Physicists Discover Flaws in Bean’s Superconductor Theory

University of Houston physicists report finding major theoretical flaws in the “Bean” or “Critical State Model,” a generally accepted theoretical explanation of how a superconductor traps and holds a magnetic field. The team’s research, published in the Journal of Applied Physics, reveals unexpected new behaviors favorable to practical applications, including the development of energy-efficient ore separators, non-contact magnetic gears that will not wear or require repair, red blood separators with improved yield or even an automated docking system for spacecraft.

The basic property of a superconductor is that it represents zero “resistance” to electrical circuits. Superconductors consume zero energy and can store it for a long period of time. Those that store magnetic energy—known as trapped field magnets (TFM)—can behave like a magnet.

Much of modern technology is based on magnets, according to Roy Weinstein, coauthor of the research and professor of physics emeritus and research professor at the University of Houston. “Without magnets, we’d lack generators [electric lights and toasters], motors [municipal water supplies, ship engines], magnetrons [microwave ovens] and much more,” he says.

The Bean Model—developed more than 50 years ago by C.P. Bean, a scientist at General Electric, predicted, and until now experiments confirmed, that to push as much magnetic field as possible into a superconductor, the pulsed field must be at least twice as strong, and more typically over 3.2 times as strong as the resulting field of the trapped field magnet (TFM).

“Bean assumed the superconductor had zero resistance and that the basic laws of electromagnetism, developed circa 1850, were correct,” says Weinstein. “And he was able to predict how and where an external magnetic field would enter a superconductor.”

The performance of a device based on magnets generally improves as the strength of the magnet increases, up to the square of the increase. In other words, if a magnet is 25 times stronger, the device’s performance can range from 25 to 625 times better.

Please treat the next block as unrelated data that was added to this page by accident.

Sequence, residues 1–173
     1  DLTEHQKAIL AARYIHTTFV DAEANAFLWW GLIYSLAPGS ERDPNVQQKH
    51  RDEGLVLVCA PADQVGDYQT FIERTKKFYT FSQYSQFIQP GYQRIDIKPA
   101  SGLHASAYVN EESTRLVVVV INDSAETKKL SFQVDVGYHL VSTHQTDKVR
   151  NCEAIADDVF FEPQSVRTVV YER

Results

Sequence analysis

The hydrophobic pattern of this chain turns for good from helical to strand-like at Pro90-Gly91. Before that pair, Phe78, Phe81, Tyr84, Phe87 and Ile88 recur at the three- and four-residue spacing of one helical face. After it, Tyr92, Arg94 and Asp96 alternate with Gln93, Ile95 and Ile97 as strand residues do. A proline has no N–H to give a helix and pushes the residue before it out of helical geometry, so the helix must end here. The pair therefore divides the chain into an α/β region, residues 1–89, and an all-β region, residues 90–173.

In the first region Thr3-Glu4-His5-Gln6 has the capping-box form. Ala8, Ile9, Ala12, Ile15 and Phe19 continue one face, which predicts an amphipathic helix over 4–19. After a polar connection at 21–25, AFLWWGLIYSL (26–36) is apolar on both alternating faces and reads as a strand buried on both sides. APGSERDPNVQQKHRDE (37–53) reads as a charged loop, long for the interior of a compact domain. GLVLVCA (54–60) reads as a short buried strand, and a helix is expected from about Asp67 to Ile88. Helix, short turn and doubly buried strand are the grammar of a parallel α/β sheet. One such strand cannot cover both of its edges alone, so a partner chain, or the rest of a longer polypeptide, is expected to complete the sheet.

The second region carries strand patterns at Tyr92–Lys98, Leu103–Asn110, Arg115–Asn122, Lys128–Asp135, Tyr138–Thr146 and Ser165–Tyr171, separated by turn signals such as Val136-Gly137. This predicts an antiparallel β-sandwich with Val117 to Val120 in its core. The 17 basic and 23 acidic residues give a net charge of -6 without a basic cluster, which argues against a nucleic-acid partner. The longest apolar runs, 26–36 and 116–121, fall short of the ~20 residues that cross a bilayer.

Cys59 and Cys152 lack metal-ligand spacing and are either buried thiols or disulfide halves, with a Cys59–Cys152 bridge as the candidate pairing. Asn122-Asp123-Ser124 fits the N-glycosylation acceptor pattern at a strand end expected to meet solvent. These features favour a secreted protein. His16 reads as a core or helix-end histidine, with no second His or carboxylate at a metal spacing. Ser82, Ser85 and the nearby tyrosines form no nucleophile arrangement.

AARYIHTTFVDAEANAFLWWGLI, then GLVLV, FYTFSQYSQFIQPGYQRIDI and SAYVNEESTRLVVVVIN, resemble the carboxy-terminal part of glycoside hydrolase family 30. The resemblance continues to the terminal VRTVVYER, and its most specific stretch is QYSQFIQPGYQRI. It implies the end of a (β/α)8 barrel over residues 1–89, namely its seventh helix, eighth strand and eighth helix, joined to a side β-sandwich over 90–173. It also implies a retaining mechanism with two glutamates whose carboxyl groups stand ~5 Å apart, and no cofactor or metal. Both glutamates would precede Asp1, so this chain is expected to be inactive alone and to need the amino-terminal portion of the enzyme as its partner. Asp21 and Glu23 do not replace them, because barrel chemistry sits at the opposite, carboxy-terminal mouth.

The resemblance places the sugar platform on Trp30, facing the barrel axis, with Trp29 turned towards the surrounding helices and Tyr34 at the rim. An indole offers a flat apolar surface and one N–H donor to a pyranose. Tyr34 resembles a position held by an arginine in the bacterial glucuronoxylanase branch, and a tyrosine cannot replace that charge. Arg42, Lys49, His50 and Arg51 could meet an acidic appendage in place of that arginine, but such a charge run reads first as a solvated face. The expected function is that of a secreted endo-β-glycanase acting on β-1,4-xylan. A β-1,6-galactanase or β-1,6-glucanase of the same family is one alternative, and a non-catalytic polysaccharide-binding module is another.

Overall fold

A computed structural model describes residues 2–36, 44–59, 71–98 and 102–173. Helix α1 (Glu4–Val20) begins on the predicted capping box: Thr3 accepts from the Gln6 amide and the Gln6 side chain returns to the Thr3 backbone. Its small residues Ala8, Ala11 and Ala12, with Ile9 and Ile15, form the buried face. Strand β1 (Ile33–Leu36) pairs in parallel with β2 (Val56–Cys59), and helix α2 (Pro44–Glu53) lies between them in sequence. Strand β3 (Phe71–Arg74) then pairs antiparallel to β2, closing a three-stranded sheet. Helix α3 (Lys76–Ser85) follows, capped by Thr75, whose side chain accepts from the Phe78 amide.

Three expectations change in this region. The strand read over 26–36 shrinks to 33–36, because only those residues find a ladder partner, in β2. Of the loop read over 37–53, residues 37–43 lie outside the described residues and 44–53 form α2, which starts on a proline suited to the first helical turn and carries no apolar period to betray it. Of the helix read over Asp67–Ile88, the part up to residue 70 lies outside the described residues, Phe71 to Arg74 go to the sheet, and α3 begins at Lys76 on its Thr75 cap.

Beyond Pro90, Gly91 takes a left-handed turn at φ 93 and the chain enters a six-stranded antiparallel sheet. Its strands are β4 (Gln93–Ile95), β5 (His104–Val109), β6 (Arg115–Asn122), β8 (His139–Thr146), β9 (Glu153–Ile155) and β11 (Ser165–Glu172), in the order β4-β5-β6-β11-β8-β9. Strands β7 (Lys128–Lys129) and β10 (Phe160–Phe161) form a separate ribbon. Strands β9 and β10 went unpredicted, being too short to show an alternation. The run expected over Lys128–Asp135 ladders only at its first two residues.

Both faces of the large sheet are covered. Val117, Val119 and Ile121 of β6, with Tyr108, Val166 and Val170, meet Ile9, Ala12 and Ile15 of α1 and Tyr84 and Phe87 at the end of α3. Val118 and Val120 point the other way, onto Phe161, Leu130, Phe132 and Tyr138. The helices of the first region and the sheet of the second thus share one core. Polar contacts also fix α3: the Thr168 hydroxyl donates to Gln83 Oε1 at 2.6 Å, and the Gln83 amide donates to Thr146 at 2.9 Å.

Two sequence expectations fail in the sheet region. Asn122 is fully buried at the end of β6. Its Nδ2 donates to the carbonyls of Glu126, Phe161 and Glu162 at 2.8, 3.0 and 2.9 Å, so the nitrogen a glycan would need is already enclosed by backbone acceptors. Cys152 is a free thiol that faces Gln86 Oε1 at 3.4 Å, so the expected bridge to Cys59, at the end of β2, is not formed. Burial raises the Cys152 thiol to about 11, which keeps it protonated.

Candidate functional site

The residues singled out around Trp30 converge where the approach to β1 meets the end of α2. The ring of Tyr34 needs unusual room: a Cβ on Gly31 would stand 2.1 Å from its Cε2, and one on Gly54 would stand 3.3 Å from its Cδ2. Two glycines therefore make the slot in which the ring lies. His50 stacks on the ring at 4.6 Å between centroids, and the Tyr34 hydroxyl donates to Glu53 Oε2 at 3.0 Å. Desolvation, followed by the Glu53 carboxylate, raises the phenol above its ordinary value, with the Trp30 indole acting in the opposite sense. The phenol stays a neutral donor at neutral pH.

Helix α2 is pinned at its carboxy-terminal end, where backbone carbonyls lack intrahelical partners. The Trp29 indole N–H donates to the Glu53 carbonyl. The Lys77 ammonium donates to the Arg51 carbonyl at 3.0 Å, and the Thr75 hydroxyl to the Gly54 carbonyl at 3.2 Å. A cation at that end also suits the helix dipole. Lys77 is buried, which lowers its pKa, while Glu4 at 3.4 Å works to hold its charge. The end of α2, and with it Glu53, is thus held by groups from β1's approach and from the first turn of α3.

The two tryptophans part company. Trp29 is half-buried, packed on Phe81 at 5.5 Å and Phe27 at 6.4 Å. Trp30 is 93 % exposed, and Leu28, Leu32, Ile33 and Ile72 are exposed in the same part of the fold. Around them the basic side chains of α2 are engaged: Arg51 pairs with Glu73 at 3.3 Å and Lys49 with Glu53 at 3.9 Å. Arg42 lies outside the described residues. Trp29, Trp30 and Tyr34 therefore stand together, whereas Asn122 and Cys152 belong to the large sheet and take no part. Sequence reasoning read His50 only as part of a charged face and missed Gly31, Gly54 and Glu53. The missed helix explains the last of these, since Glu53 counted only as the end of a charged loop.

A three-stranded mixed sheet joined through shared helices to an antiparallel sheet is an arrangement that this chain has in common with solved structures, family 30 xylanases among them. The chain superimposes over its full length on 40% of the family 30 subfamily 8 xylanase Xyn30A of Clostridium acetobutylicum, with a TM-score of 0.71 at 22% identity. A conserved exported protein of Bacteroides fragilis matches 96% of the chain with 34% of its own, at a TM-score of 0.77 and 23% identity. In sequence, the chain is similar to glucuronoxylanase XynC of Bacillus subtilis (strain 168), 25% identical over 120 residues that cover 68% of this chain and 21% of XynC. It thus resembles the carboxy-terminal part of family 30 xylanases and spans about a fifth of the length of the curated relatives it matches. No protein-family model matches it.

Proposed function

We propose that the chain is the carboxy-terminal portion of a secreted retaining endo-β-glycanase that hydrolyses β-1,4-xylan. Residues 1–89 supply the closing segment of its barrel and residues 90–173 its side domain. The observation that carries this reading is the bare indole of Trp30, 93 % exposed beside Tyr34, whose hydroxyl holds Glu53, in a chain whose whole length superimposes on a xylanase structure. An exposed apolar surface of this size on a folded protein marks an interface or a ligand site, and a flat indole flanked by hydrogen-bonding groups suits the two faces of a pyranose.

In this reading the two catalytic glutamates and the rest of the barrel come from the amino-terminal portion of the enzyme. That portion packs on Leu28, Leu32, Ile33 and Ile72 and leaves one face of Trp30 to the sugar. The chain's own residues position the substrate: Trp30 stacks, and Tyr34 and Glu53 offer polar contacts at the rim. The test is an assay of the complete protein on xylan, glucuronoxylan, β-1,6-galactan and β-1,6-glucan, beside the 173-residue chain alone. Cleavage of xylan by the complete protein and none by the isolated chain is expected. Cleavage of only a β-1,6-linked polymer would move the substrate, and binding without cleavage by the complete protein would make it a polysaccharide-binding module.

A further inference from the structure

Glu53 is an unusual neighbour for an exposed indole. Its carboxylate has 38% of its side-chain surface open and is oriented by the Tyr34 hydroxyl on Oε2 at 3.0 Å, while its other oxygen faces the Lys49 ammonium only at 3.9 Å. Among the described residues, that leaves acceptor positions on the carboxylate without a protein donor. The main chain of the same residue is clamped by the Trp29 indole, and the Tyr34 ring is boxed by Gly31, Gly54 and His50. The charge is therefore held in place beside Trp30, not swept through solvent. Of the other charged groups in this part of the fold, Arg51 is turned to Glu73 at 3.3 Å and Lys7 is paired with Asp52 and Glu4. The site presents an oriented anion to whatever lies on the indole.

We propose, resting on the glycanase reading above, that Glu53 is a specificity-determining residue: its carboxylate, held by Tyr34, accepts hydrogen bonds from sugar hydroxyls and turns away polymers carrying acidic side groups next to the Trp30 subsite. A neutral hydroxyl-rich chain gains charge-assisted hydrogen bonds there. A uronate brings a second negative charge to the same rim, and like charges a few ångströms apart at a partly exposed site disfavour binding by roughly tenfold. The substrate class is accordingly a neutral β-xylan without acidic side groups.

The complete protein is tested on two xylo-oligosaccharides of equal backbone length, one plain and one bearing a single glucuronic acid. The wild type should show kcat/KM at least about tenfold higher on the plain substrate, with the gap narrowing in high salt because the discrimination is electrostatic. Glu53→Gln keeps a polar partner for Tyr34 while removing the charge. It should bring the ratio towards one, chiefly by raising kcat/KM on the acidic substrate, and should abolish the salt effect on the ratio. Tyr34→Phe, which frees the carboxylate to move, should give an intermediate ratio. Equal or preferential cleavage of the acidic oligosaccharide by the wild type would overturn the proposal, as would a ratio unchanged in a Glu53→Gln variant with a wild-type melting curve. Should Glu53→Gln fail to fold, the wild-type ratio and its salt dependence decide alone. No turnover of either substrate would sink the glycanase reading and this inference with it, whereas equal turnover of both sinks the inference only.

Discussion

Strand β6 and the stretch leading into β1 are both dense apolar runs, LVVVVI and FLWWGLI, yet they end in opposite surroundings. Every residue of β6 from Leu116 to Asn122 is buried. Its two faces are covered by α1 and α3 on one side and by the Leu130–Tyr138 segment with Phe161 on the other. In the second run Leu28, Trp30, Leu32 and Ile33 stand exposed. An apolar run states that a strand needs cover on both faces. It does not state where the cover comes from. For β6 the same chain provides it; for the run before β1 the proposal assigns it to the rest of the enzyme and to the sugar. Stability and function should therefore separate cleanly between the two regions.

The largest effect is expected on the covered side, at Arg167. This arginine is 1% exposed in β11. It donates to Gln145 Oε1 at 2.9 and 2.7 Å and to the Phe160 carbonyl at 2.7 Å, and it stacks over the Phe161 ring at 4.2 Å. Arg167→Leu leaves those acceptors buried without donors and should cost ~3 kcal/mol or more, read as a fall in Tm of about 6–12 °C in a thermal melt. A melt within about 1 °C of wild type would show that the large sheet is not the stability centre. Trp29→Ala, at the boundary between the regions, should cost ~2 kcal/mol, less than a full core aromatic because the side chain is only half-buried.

The method widely used today is to apply a magnetic field to a superconductor via a pulse field magnet after the superconductor is cooled. But this severely limits the applicability of TFMs, according to Weinstein. “It’s difficult and expensive to produce fields of more than 12 tesla. If Bean’s theory held true, this cost and practicality barrier would limit TFMs used within products to a maximum of typically 3.75 tesla.”

Weinstein says that his team has discovered that Bean’s model is far off base for certain constraints on a magnetic pulse and that a significantly different spatial distribution of field occurs. “Great increases in field occur suddenly, in a single leap, whereas Bean’s model predicts a steady, slow increase,” says Weinstein.

The team is still in the early stages of research but has already produced full-strength TFMs with a pulse strength 1.0 times that of the TFM. The researchers suggest this and other advances could in time enable scientists to replace a $100,000 low temperature superconducting magnet in a research X-ray machine with a $300 TFM or for engineers to replace a motor with one that is a quarter of the size of an existing one.

“A motor, if made in a fixed size, can produce 3.2 times the torque. Alternatively, the motor can be designed to produce the same amount of torque, but have its volume reduced by more than 10 times. This reduction in materials can result in great cost savings,” says Weinstein.

The Houston team is now searching for fast, short-term support that will allow them to continue their research to explain this new phenomenon. “While we now know enough to apply our new discovery to significantly improve a large number of devices,” Weinstein notes, “we don’t yet fully know what’s going on in terms of the basic laws of physics.”